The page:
New cancer study paves the way for personalised breast cancer screening – University of Copenhagen

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Department of Clinical Medicine > News > News 2017 > New cancer study paves...

23 October 2017

New cancer study paves the way for personalised breast cancer screening


The scientific basis for more precise assessment of the risk of breast cancer is now in place. A very extensive cancer study has gathered data on a large range of common heritable factors that are significant for the risk of cancer. The results are could make it possible to individualise the offerings available to women for breast scanning and hopefully further reduce mortality.

Breast cancer is one of the most frequent carcinomas in Denmark. At some point in their lives, breast cancer will be diagnosed in one out of eight Danish women. Researchers at the Faculty of Health and Medical Sciences have been collaborating with various other countries and have now learnt so much about common heritable factors relating to breast cancer that determining the risk is precise enough for practical use. The results are published in several articles, and together they make op the biggest study on cancer yet. 

”We have established the scientific basis for being able to do risk assessments so precisely that we will hopefully be able to personalise the breast cancer screening offerings for every woman. A personalised risk-based screening programme will hopefully help us to further reduce mortality amongst women" says Clinical Professor Stig Bojesen, Department of Clinical Medicine.

Currently, all women aged between 50 and 69 are offered mammography (screening for breast cancer). Screening works well and does reduce mortality but there are also some disadvantages such as false positives and over diagnosis which could probably be reduced by personalised screening programmes.

World's biggest cancer study
The articles are part of the biggest ever cancer study in the world. Taken individually, common heritable factors have very little significance for the risk of cancer. That is why researchers have collaborated in the so-called OncoArray Consortium to gather documentation and data on the genomes of 450,000 individuals.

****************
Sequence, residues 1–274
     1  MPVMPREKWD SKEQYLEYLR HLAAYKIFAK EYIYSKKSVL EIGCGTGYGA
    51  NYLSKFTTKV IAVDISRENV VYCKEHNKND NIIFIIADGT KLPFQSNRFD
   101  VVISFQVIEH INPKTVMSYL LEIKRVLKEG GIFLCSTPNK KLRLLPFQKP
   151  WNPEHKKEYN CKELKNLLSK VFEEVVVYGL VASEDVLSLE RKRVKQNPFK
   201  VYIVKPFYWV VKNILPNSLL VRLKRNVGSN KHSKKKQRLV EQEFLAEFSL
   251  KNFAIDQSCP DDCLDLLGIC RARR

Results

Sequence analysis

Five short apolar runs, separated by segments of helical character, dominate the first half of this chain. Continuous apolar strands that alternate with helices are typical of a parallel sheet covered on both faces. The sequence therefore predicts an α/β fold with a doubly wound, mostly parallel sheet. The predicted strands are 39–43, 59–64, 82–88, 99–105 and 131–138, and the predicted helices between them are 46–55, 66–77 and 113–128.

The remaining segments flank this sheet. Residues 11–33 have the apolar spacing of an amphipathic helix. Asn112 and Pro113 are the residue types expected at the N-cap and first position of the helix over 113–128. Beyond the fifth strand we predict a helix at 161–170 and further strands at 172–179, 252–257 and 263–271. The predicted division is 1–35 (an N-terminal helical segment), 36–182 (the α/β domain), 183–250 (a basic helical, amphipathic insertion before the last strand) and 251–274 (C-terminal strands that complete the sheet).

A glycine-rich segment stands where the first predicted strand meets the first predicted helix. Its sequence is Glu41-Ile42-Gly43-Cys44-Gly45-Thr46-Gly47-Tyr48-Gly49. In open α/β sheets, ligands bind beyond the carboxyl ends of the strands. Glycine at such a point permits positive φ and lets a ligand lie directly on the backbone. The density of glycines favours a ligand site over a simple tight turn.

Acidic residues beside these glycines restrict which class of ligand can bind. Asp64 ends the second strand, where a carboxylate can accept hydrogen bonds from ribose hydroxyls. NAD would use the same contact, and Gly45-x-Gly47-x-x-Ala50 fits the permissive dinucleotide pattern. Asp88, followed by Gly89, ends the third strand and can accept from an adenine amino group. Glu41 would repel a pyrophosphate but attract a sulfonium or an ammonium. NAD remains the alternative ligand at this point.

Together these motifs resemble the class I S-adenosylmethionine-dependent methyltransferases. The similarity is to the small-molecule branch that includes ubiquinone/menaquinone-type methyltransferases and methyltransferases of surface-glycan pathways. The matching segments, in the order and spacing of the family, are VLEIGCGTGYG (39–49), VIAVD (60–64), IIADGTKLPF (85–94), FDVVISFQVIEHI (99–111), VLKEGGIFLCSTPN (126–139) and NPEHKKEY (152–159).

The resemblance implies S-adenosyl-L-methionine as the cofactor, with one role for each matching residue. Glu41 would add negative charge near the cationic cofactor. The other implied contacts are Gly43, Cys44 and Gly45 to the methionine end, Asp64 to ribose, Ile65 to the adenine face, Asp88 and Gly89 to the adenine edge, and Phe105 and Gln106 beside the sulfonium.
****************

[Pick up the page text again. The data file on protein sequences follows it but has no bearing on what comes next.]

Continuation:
In each individual, they have identified half a million locations on the genome associated with the risk of carcinomas of the breast, large intestine, lungs, rectum, ovaries and prostate. For each disease, we now know about a great number of common locations in the genome that help to decide whether there is a large or small risk of an individual developing a certain form of cancer. Stig Bojesen explains:

”Since these factors are heritable, we cannot change them. But we can for example assess the level of risk of a woman developing breast cancer and a what stage in her life this risk applies. This means we can individualise a screening programme that could possibly help us to catch cancer at an early stage or on the other hand, only start screening at a later stage. And it actually only means taking a blood test,” he says.

Changing the screening procedures for breast cancer is still somewhat in the future and will have to be thoroughly tested before being taken up. Stig Bojesen hopes that the results can be combined with other risks for breast cancer such as age, family history, lifestyle and imaging of breast tissue so that the risk can be assessed even more precisely.

Clinical Professor Stig Bojesen is at the Department of Clinical Medicine, University of Copenhagen and is Chief Physician at the Clinical Biochemical Department, Herlev and Gentofte Hospital. He has directed some of the work done in Copenhagen for the OncoArray Consortium

The article 'Identification of ten variants associated with risk of estrogen-receptor-negative breast cancer' has just been published in the scientific journal Nature Genetics. 

Prof. Stig Bojesen
Telephone: (+45) 3868 3843